Stifling fiscal freedom

While a uniform tax rate would disable low-income and developing countries wanting to preserve or enhance their corporate tax base and mobilise revenue, the G7 is more concerned about the shift of income from intangible sources such as drug patents, software and royalties on intellectual property to these low-tax jurisdictions

A new proposal by the Group of Seven (G7) for a uniform tax rate for global corporates like Google and Microsoft could effectively limit the scope of fiscal policy choices for the developing and low income countries, placing them at an even level with the rich countries.
Major economies are aiming to discourage multinationals from shifting profits – and tax revenues – to low-tax countries regardless of where their sales are made.
The G7 is worried over the shift of income from intangible sources such as drug patents, software and royalties on intellectual property to these low-tax jurisdictions, allowing companies to avoid paying higher taxes in their traditional home countries.
While global tech giants like Facebook welcomed the deal to set the tax floor low, campaign group Oxfam slammed the deal as inadequate.
“It’s absurd for the G7 to claim it is ‘overhauling a broken global tax system’ by setting up a global minimum corporate tax rate that is similar to the soft rates charged by tax havens like Ireland, Switzerland and Singapore. They are setting the bar so low that companies can just step over it,” Oxfam said.
“Stopping the explosion in inequality caused by Covid-19 and tackling the climate crisis will be impossible if corporations continue to pay virtually no tax …. This is not a fair deal.”
Interestingly, a report published by the International Monetary Fund (IMF) has backed the G7 proposal for a global taxation policy, setting tax rate at a low floor, at least for the multinational corporate - a move that the world’s richest nations say, would help close the cross-border tax loopholes used by some multinational corporations. 
Under the uniform tax proposal, global firms like Google, Amazon and other tech giants will be taxed at a prescribed rate in all countries where they operate. The G7 agreement says that other countries should repeal their unilateral digital taxes in favour of a low global tax rate.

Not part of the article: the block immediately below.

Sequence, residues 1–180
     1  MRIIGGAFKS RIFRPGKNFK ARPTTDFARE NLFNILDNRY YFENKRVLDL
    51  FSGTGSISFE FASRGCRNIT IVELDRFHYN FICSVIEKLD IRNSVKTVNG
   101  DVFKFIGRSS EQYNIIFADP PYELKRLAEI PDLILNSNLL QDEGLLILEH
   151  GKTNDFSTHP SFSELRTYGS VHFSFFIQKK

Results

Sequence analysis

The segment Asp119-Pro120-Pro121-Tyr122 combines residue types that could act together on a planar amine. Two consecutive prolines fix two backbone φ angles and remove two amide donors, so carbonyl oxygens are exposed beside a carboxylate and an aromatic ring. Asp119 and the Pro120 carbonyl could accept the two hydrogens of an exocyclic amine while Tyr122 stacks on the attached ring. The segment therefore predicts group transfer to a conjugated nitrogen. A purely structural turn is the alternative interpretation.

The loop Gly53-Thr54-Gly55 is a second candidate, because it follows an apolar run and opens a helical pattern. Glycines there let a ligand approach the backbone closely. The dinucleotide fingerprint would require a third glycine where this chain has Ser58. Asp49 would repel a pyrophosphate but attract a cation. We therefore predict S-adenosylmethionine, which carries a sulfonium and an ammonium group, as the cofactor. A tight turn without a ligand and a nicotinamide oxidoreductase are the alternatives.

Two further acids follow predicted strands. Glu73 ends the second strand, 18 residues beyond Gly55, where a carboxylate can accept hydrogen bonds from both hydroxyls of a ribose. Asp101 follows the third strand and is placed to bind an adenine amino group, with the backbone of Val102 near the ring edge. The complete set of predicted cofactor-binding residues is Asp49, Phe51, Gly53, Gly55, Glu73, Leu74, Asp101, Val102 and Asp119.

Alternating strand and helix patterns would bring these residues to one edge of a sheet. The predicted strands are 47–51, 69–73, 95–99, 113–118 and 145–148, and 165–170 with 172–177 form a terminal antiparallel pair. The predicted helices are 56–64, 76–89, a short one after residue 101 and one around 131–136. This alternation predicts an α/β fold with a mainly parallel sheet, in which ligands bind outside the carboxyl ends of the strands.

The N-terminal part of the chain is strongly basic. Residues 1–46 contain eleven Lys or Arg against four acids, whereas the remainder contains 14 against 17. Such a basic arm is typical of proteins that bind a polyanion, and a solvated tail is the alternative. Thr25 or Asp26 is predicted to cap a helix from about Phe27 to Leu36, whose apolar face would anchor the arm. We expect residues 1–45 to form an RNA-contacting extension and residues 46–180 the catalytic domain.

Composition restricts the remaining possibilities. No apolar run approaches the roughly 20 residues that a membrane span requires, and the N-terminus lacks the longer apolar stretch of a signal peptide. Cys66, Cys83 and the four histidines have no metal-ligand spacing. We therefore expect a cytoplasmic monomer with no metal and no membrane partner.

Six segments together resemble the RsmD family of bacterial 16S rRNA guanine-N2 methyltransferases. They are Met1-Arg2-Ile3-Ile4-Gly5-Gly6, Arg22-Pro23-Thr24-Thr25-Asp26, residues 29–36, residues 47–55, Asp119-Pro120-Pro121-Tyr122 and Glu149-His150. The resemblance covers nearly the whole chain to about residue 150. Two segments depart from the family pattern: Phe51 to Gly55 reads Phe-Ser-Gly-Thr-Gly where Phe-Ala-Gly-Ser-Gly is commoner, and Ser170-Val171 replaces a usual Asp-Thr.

The seven world’s richest nations hope to coax finance ministers of the expanded Group of 20 (G20) nations to reach a final agreement on uniform tax rate for global firms, at a July gathering.
By setting the tax floor at a low 15 per cent at the global level, the G7 hopes to reduce the incentives for large multinational firms to shift profits to low-tax jurisdictions and thereby reverse decades of falling corporate tax revenues.
A uniform tax rate would, however, disable low-income and developing countries wanting to preserve or enhance their corporate tax base and mobilise revenue. 
The IMF study, however, says that a minimum tax rate is associated with an increase in the average effective tax rate, ie, the tax rate actually paid by corporations after taking into account tax breaks, which is estimated at just over 1.5 percentage points with respect to turnover and around 10 percentage points with respect to profits.
That view excludes the requirements of growing and low-income economies that need extra gains from taxation to ensure economic growth. 
The IMF study also claims that countries with turnover-based minimum taxes have outperformed those without minimum taxes, collecting nearly 1 per cent more of GDP as revenue.  
This, in effect, translates into an average of 0.2 and 0.9 per cent of GDP in additional revenue on top of a median corporate income tax-to-GDP ratio of 2.7 per cent for the median country, says the IMF study.
While a proliferation of multiple rates, along with incentives, preferences and deterrents cause costly distortions and result in low revenues by encouraging tax avoidance and evasion, a minimum rate structure limits scope for reforms to broaden the corporate tax base for lesser economies. 
A uniform rate of taxation will only help widen income inequalities among nations, especially between the high income and developing and low-income countries, regions, genders, ethnicities, and generations. 
The Group of Seven is an informal grouping of countries such as Canada, France, Germany, Italy, Japan, the UK and the United States. European Union representatives also attend. Its decisions are not legally binding, but leaders can use the forum to exert political influence.